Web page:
The nation’s top regulator of offshore oil and natural gas activity said the agency suspects that some in industry are purposely submitting insufficient permit applications to test just how strict and precise the review process is.
“I think our people are suspicious that some of the noncompliant applications…have been tests of how rigorous the reviews [are] going to be,” said Bureau of Ocean Energy and Management, Regulation and Enforcement (BOEMRE) Director Michael Bromwich, during a Platts Energy Podium Tuesday. “I think operators know that we’re not going to approve noncompliant plans or permits.”
Bromwich has been director of BOEMRE for 15 months. With the splitting of BOEMRE into two new agencies — Bureau of Safety and Environmental Enforcement (BSEE) and Bureau of Ocean Energy Management (BOEM) — BOEMRE will cease to exist on Oct. 1. Citing the difficulty in finding the right candidate to head BSEE, Bromwich has agreed to stay as temporary director until a permanent one is found (see Daily GPI, Sept. 19). BOEMRE Senior Adviser Tommy P. Beaudreau has been picked to lead BOEM.
Bromwich indicated that the agency had interviewed several promising candidates for BSEE director, but they backed out once they learned about the controversial issues that they would have to deal with. “To be chief regulator in this industry, you got to have a backbone,” he said.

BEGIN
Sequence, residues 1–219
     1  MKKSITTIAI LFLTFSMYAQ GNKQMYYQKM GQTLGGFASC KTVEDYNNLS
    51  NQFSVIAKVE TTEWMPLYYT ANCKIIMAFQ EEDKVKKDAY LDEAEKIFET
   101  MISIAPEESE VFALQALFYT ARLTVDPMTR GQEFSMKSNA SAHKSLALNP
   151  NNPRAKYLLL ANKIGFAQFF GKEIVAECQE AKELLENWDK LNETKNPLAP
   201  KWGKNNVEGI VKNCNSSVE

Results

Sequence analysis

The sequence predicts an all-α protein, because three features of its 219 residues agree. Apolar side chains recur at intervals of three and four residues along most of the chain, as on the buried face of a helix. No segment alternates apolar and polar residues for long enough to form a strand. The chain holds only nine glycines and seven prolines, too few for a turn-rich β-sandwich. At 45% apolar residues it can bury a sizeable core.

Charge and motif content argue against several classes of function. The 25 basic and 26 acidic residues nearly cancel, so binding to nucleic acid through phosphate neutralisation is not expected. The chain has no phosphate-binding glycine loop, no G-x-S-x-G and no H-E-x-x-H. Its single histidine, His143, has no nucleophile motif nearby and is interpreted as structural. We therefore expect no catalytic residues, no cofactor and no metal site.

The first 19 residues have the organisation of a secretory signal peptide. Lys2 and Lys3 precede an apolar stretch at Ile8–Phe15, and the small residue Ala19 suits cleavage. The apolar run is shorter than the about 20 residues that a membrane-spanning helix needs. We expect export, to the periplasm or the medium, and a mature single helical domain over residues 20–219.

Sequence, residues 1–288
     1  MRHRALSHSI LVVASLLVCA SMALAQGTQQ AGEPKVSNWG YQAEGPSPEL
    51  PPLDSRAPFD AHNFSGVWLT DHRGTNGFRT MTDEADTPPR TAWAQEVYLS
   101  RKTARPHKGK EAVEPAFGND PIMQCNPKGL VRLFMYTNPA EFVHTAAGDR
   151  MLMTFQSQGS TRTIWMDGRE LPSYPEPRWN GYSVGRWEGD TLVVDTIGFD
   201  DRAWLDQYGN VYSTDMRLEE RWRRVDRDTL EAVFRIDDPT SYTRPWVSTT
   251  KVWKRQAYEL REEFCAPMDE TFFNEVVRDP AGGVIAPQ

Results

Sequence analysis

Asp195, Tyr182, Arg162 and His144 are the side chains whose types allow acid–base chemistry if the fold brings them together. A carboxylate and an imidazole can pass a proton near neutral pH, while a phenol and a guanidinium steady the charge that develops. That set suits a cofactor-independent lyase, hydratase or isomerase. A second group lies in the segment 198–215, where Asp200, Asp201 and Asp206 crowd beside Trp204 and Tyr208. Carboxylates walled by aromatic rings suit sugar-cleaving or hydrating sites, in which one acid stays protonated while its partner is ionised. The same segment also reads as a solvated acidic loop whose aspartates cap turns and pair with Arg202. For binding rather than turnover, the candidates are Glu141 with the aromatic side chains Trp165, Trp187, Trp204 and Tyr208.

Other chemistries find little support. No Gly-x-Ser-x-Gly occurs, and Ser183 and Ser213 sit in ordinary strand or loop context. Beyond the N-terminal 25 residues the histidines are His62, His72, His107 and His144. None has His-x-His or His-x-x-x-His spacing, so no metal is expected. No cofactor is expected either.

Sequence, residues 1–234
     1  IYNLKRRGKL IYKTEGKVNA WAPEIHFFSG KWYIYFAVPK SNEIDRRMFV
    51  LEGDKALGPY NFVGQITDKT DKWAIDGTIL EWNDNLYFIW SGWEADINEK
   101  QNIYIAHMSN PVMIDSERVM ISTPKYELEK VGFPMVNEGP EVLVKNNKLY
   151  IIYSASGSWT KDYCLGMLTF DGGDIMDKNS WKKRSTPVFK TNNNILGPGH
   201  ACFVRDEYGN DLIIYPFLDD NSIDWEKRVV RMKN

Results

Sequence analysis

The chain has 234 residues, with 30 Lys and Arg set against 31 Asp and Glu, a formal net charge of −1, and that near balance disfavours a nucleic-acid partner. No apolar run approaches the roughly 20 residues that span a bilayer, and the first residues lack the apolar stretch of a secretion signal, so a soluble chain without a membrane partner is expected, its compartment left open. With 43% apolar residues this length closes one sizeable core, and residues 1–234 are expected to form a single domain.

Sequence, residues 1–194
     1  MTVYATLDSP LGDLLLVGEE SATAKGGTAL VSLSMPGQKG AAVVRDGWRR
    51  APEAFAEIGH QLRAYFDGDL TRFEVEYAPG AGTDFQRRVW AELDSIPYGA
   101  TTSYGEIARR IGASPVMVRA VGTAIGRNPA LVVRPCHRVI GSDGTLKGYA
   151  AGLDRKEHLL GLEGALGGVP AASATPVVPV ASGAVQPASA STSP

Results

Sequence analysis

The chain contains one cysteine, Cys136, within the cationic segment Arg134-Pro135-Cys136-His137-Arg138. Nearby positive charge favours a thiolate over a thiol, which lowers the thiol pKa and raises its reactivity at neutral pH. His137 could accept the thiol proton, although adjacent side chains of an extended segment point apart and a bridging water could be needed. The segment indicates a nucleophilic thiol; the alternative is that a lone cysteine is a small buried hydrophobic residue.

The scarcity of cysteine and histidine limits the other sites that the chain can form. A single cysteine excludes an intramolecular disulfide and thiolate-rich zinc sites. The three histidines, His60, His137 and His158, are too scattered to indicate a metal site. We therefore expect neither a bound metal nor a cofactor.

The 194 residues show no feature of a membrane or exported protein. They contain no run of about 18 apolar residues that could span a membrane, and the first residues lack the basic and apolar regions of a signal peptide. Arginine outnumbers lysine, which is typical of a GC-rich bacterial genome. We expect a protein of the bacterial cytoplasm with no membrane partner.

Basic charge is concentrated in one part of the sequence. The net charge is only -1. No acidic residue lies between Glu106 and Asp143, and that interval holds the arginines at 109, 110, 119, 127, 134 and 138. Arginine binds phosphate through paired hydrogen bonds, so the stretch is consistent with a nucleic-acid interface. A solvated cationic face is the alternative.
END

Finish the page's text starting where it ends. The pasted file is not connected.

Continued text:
The new director of BSEE, which will be the top offshore regulator, must be able to “stand up to the political heat,” Bromwich said.
He said the agency will need “significantly more resources” to step up permitting and carry out enforcement activity. “Right now we’re on tenterhooks for what’s going to happen in 2012.”
Bromwich further said he supported “organic legislation” to codify the restructuring changes at the agency. Without this, he indicated that the reorganization could later be reversed administratively or legislatively.
Bromwich further indicated that the federal government would soon propose fines against BP and its contractors, Transocean and Halliburton, for violations related to the Macondo well blowout and explosion aboard the Deepwater Horizon rig in April 2010. A joint agency investigative report released last Wednesday on the disaster cited the three companies (see Daily GPI, Sept. 15).
“I am hopeful that they [initial notices of incidents of noncompliance] will be issued this week…or at most slide into next week,” he told reporters. “I anticipate pushback from all the entities that will be cited.”
Historically, he said, BOEMRE has restricted its regulation to operators (rather than contractors), but “I feel very confident in our legal authority to move against the contractors” in this case, adding that it was an “extraordinary case.”
Bromwich said BP and contractors could face penalties of $40,000/day for each violation. He said one letter would be sent to each company itemizing specific violations.
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